Friday's Featured Farmer ~ Joanne in Minnesota

For years I have struggled against calling myself a 'farmer.' I'm sure if I went down to the local cafe and told one of the old seed-capped gentlemen that I was a farmer, he would crinkle his brows and frown at me and my claim. In this day and age in Minnesota, being a 'farmer' means growing corn, beans or wheat. If not crops, then being a 'farmer' means hundreds if not thousands of holsteins, angus, leghorns or chester whites. 'Farmer' means tractors, semis, grain bins and elevators. Lots of dollars and lots of land.

I have none of these things. Actually, I do have three white leghorns in my chicken coop. But I don't think the ten-eggs-a-day that they (and our other mixed-breed hens) provide qualify as a major egg-producing operation. Particularly in the fall when it drops down to three-eggs-a-day if we're lucky. So how, then, can I call myself a farmer?





I think farming is more about the 'why' than the 'how many.' It's more than how many acres you till, or how many rumens you feed, or how many engines you run. Farming is about how your heart leaps into your throat in the spring when the snow melts and the dark, cool earth bares itself to the sun. It's how you rejoice in the slime and blood covering your arms when you welcome a newly born calf, lamb or kid into the world. It's how you measure the passage of time by sunlight and temperature and gestations, rather than by months or weeks or holidays.





I do all of these things. So, that's how I can call myself a farmer.

Of course, I still wouldn't go into the local cafe and say all this outloud to the crowd of old-timers gathered there. I may be a farmer, but I'm not crazy. Not that kind of crazy, at least.


Our family lives on fourteen acres in the prairie of western Minnesota. We moved out here eight years ago from St. Paul, where my husband and I had been raised in very non-farming suburbia. Our house and farm were built in 1912. The original big red barn collapsed around 1980; we have built a modest pole shed in its place. The original hog barn, chicken coop and granary still stand.





We have five angora goats in our pole shed, and thirty chickens in our coop. We have a large garden, growing larger by the year as I get a handle on the weed problems that plague us. We try to use organic methods and local, organic feed as much as we can. We eat the eggs ourselves and so far have kept all the mohair from the goats. This summer we will start selling veges and homemade soaps at the farmers market, our first branching into the world of official farm revenue.





Our three sons help us out, as well as a ten- and seven- and five-year old can. Owen is mastering the techniques of pushing a heavily laden wheel barrow. Graham is learning the difference between weeds and seedlings in the garden. And Benjamin is learning how best to scoop grain from the storage bin into the chicken feeder. I don't force them to help--I want them to learn to love the farm on their own, not because I told them they had to. Farming is hard work, and learning to love hard work is a skill that comes later in life. Resentment is something you can learn at any age. They all love harvest time, though -- pulling tomatoes from the fine, digging potato from the soil, collecting eggs from the nest. Who wouldn't love that?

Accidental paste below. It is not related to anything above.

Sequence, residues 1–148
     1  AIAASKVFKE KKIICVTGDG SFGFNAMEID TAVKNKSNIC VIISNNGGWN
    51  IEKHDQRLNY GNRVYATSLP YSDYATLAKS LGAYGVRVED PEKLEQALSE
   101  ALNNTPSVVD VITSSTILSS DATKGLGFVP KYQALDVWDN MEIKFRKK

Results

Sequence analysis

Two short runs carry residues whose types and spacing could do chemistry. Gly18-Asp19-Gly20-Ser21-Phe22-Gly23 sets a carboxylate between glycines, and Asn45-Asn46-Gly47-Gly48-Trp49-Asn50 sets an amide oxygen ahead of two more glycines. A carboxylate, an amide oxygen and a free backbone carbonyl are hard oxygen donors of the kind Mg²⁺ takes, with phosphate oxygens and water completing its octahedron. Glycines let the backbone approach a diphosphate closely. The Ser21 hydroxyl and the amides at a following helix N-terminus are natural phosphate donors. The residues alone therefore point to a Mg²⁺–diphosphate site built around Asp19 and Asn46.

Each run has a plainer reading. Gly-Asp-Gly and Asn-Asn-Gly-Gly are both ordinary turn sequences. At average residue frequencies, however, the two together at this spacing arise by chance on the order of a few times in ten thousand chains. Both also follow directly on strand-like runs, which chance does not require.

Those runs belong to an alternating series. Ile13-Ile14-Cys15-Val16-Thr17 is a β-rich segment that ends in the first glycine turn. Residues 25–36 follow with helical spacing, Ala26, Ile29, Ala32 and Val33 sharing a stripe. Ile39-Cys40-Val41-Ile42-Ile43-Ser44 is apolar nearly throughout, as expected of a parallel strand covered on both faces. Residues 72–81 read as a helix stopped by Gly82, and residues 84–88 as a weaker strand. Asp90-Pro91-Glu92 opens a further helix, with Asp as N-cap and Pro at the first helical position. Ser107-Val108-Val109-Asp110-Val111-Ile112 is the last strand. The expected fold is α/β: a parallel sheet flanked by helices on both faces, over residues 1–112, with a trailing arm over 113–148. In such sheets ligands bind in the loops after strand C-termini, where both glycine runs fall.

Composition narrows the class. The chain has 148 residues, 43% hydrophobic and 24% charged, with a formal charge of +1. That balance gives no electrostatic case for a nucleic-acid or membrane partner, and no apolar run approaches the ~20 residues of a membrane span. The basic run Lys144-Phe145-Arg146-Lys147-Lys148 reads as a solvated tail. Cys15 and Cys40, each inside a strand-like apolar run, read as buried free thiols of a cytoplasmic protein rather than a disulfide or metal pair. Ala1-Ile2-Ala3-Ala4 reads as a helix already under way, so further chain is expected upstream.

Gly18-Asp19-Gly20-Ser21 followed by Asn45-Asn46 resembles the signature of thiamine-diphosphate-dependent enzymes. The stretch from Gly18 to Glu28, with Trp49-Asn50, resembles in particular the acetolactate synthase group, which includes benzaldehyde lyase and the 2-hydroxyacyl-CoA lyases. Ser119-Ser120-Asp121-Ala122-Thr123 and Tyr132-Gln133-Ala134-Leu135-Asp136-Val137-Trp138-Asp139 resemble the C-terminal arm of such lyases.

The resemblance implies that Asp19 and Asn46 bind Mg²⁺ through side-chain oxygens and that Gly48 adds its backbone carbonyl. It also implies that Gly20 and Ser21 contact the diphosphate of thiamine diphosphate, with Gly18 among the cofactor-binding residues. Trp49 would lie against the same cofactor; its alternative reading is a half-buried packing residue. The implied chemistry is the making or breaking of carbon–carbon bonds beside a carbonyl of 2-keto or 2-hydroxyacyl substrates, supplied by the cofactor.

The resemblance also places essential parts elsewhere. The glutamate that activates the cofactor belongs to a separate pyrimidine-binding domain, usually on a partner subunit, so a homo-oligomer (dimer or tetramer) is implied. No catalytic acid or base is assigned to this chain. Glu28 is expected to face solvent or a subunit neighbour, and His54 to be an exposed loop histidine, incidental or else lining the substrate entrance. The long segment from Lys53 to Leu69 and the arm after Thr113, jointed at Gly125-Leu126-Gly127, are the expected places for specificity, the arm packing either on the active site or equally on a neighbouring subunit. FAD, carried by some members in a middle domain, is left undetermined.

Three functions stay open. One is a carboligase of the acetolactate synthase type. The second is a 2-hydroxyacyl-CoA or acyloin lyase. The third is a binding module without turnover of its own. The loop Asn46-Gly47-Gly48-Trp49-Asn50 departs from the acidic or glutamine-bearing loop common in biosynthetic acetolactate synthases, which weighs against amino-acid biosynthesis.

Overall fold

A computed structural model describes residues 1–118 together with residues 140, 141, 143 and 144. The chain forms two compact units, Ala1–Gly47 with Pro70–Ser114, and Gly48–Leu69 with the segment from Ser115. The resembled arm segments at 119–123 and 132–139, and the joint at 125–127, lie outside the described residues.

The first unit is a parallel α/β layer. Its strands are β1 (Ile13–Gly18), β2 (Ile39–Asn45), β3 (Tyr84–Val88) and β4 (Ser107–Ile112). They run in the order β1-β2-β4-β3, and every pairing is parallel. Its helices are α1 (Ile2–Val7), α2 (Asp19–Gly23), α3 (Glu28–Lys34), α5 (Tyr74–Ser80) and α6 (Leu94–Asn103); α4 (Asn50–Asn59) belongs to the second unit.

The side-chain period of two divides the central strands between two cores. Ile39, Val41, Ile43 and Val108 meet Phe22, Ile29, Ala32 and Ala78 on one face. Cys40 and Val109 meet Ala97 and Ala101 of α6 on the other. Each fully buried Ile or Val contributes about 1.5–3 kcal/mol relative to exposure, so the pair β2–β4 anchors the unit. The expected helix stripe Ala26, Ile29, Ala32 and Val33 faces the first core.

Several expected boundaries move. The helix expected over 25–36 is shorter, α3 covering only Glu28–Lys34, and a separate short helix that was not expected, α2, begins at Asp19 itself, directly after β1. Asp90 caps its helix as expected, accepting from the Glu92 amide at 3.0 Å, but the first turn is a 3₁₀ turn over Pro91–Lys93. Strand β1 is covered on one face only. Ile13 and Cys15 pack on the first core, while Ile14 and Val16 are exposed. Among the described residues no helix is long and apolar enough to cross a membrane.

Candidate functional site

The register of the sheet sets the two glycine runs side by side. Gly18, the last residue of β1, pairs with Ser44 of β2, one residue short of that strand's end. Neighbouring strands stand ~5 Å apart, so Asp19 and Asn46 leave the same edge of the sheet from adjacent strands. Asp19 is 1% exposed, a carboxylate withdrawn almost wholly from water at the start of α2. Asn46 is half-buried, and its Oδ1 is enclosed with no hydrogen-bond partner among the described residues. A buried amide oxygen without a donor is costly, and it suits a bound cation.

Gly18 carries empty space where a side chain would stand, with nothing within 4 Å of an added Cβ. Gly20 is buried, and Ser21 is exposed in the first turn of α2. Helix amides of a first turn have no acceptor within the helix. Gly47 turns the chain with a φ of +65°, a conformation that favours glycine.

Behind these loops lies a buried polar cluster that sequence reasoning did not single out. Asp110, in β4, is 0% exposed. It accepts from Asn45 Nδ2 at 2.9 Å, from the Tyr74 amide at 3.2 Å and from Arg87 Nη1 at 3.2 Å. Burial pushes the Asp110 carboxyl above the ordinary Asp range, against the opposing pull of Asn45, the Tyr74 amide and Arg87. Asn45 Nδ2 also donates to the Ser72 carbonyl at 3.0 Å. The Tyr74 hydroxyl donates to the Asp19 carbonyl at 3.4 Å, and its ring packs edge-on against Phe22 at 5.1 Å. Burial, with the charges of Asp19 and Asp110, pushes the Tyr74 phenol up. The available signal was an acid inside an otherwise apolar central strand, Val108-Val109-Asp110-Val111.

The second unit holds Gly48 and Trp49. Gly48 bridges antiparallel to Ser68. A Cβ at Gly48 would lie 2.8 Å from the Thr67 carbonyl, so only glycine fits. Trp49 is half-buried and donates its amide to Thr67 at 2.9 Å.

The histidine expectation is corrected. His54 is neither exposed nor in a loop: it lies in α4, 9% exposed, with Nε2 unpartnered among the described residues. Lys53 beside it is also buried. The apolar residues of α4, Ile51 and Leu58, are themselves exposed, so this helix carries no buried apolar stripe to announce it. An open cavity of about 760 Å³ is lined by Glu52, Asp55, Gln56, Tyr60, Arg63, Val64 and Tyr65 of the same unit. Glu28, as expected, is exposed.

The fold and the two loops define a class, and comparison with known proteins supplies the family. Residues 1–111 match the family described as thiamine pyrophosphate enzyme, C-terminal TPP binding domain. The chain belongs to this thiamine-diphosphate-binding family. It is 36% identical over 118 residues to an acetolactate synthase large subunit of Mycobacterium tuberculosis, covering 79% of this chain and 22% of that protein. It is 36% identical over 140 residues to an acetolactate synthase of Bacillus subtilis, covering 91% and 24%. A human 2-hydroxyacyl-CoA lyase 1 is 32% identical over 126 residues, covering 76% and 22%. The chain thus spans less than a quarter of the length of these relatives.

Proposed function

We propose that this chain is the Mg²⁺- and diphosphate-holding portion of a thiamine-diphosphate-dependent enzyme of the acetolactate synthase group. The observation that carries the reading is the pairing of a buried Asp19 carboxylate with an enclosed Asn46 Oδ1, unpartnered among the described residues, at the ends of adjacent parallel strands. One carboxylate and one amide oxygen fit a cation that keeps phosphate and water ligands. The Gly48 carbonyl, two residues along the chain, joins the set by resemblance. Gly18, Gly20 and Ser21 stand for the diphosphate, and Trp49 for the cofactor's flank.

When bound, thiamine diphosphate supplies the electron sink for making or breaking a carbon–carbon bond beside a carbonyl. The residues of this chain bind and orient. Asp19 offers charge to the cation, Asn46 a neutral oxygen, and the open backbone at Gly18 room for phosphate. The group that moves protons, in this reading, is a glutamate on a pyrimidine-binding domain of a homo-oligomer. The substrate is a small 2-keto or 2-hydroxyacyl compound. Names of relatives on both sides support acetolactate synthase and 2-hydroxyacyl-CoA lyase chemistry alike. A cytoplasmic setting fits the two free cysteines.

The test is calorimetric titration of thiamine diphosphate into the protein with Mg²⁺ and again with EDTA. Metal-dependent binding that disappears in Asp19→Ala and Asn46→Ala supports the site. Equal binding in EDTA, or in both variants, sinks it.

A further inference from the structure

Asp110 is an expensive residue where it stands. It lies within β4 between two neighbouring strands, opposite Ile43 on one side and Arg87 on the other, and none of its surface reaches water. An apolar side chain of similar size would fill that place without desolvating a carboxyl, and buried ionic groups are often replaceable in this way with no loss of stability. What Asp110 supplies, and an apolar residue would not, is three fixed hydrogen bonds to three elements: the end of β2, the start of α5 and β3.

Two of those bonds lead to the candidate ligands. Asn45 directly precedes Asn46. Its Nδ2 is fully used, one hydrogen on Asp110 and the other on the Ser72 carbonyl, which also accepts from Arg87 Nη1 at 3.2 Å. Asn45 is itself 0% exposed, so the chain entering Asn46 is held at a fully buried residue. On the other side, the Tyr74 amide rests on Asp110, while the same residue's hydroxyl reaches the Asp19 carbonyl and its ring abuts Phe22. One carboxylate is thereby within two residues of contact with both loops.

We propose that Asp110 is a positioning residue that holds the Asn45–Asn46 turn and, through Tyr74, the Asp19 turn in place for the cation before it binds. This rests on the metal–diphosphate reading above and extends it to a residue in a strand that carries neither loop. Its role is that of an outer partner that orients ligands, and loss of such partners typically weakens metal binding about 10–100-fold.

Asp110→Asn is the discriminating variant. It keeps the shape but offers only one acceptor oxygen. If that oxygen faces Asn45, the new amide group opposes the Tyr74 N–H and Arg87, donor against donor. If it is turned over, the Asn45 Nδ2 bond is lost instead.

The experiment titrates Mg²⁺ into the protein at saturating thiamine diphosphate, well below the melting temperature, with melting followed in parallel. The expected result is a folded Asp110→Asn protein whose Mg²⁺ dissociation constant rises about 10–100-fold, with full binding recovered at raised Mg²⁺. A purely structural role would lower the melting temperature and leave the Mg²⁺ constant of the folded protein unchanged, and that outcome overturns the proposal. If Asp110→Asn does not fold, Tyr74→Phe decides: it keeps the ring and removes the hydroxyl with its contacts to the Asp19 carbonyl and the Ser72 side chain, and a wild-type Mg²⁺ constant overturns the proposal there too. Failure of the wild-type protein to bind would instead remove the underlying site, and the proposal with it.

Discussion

I do a lot of food preservation--canning, freezing, and a bit of dehydrating. We probably have five years' worth of jams and jellies and applesauce in our basement pantry. I am still learning how to eat more locally and seasonally, though. It is an ongoing process, like most things on this farm. And I am still learning how to juggle all of this, all of this farming stuff, while maintaining an off-farm job and putting three boys through school and balancing a tight budget. Every year we try new things; some of them work, and some of them don't. We are learning. We are farming.





And it's people like Tammy, the lovely host of this blog, who make farming so joyful -- she has such a wonderful heart, so willing to share her experiences and her love. Thank you Tammy! And thanks to all of the other farmers who have told their tale here on Fridays. Thank the heavens for the internet, where we are all neighbors and help eachother as needed. I have enjoyed reading about all of you, you are all inspirations to me. Happy farming!



 
 
 
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Thank you so much for your delightful post, Joanne!
 
Joanne hosts a lovely blog called 14 Acres that you can access through this link.

Comments

Lovely post Jo! Your definition of "Farming" is one that can be felt, breathed, smelled. It is beautiful and full of life, as is your farm!
me said…
Love your pictures, and really enjoyed your piece. Thanks!
Erin said…
Loved hearing Jo's story retold so well here, well done! Now I have to find a few spare minutes to browse this lovely blog!

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